Raised Garden vs Ground Garden
Raised garden or ground garden, that is the question. Everyone pretty much knows what a traditional ground garden is, you work the ground, you plant, and you wait, you weed, you wait some more. Today we hear more and more about using a raised garden or container gardens as opposed to traditional gardens.
I have heard many people say that a raised garden bed is nothing more than a BIG flowerpot put on top of dirt or another surface such as your patio. This is partly true and partly false. BIG flowerpots would be considered container gardening, raised beds do not have bottoms and are basically dirt placed on top of more dirt sometimes confined to an area by walls. Thus raised garden beds allow the benefit for plant roots to grow further into the ground.
But which is really the best way to go? The fact is it’s all about the soil and the placement. Good soil is alive, there are three types of soil, clay, sandy, and silt. The best gardening type would be a mixture of all three, sadly not too many of us get to start off with that, soil is often a work in progress. If your soil isn’t happy and healthy, you are going to be looking at an empty garden. Now as far as placement goes, ideally we all want an area that gets plenty of sunshine, holds enough rain but still drains and is rich is nutrients.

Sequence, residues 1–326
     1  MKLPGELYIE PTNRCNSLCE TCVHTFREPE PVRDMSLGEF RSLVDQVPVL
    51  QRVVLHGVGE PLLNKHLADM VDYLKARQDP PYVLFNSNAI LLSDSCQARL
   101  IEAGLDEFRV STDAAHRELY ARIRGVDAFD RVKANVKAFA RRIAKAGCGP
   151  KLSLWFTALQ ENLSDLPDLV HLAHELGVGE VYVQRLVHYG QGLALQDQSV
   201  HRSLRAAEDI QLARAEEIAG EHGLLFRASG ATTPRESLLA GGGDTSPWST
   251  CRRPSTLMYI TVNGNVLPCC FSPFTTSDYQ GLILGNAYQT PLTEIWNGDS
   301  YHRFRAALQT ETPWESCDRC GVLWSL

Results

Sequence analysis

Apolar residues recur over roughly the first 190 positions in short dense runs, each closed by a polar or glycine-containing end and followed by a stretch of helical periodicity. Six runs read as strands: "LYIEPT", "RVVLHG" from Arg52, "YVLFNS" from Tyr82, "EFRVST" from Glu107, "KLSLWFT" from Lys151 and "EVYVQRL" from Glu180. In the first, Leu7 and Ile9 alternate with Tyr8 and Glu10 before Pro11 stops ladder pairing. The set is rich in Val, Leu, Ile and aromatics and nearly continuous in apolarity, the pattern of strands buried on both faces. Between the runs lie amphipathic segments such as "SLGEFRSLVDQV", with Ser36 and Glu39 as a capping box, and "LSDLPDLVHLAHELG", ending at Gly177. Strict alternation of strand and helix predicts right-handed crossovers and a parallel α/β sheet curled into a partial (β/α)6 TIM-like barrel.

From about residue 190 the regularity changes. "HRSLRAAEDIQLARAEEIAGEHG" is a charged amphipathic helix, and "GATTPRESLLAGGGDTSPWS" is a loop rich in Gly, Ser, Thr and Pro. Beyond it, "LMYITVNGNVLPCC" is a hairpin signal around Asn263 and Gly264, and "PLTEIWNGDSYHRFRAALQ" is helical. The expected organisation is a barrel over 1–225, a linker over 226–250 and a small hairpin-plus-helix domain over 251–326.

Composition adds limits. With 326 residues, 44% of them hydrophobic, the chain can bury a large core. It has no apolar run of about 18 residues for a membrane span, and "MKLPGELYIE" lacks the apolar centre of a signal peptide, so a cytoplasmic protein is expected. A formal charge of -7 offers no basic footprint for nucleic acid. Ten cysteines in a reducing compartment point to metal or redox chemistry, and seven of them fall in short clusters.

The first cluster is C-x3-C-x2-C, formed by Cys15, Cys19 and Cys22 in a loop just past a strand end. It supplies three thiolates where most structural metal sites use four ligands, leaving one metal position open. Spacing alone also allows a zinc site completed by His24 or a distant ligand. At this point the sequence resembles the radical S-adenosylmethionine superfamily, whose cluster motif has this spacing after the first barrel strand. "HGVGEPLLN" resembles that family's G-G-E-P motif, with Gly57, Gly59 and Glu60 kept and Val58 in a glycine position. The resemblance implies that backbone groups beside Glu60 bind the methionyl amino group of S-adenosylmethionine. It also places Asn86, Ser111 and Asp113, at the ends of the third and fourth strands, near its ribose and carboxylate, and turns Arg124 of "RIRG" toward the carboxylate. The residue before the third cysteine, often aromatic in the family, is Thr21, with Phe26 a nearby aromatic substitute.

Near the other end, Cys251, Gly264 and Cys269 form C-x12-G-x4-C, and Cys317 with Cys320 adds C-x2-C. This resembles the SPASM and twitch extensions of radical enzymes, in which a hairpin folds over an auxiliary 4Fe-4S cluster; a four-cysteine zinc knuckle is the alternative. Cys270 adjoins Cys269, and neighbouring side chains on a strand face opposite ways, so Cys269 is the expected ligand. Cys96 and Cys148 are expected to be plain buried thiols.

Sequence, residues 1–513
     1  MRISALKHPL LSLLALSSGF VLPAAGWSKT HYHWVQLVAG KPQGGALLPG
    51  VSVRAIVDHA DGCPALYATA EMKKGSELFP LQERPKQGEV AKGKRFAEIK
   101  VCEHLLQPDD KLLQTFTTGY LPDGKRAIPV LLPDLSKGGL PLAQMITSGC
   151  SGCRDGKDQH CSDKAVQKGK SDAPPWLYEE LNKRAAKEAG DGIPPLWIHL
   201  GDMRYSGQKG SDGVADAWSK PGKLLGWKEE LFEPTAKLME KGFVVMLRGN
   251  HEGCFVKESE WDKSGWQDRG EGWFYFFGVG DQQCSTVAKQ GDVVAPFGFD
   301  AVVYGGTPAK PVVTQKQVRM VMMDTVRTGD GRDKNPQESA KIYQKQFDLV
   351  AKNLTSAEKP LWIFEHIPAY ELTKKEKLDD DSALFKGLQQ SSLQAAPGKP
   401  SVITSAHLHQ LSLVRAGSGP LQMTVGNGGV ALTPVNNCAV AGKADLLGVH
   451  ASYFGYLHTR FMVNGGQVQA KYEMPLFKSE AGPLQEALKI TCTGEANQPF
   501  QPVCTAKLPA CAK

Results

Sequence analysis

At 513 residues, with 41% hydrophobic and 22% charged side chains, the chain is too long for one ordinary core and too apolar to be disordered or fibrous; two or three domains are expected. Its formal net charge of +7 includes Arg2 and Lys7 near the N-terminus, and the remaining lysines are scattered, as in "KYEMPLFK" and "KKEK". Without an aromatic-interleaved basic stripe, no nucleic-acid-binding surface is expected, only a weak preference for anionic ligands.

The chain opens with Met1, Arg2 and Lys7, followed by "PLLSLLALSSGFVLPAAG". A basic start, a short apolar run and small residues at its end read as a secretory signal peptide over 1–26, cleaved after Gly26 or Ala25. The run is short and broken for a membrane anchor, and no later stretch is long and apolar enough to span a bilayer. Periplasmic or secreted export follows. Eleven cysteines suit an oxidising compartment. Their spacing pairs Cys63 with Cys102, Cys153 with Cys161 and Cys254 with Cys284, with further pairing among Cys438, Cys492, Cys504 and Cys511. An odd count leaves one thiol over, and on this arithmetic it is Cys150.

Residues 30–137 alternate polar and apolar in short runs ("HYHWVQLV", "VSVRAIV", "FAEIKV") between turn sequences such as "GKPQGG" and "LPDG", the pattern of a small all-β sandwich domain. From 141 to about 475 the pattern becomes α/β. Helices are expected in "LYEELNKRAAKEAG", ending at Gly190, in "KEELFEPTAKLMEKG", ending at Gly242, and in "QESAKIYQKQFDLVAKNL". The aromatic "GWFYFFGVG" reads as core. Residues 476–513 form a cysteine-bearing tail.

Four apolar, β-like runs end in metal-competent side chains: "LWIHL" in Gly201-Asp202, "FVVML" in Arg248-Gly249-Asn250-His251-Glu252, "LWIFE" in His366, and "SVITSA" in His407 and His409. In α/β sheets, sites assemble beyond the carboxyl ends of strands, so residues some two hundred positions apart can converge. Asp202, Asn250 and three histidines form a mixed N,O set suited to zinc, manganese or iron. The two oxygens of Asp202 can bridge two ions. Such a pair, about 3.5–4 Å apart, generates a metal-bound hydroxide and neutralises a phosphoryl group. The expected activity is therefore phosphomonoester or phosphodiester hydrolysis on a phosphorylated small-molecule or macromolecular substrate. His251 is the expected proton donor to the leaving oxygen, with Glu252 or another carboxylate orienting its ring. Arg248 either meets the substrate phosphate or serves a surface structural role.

Both a traditional ground garden and raised garden bed has their own individual pros and cons, for example, if you live in a colder climate a raised bed would allow you to begin your planting season earlier because the soil in a raised bed warms up faster. On the other hand, if you live in a hot climate, ground garden beds require less watering than raised garden beds, so that may be the way to go.
Another thing to consider is the area in which you plan to place your garden, does the area hold too much water when it rains? If so that can be a good reason to go with raised beds. Is the soil poor or extremely rocky? If so then that another point in favor of a raised bed.
Traditional Ground Garden Pros:
- Nothing to build, so it is cheaper to start than raised beds.
- No soil to buy, if your fortunate enough to have a yard, the ground is free.
- Doesn’t need to be watered as often.
Traditional Ground Garden Cons:
- Weeds quickly creep in from pathways between rows.
- It is much easier for children and pets to step on plants.
- You have to bend more to work; this can be a problem for those with bad backs or as we grow older.
- It may be difficult to work ground without a tiller or tractor.
Raised Garden Pros:
- Easier to keep weeds out of beds.
- Provides the best drainage making it an excellent choice for wet areas.
- Prevent garden soil from compaction due to being walked on.
- Soil warms up faster in the spring.
- More control over the quality of the soil.
- Easier on your back.
- Keeps plant roots from getting waterlogged in wet areas.
- You can place rat wire on the bottom of your raised beds if you have unwelcome furry friends such as voles, or gophers who are confident you are growing veggies just for them!
- But my personal favorite reason is that it keeps my veggies out of my neighbors dogs pee-zone!
Raised Garden Cons:
- The cost to build or buy and start. Not only will you need building material but also good quality soil.
- Needs to be watered regularly.
- Eventually, wood rots, unless you use pressure-treated wood, not such a good idea from my viewpoint.
- Carpenter ants and other such creatures seem to like my raised beds as much as I do.
I happen to love both styles of gardening. I mean what’s not to love about the smell of fresh dirt or the feel of rich dirt between your fingers not to mention the taste of the vegetables you grow?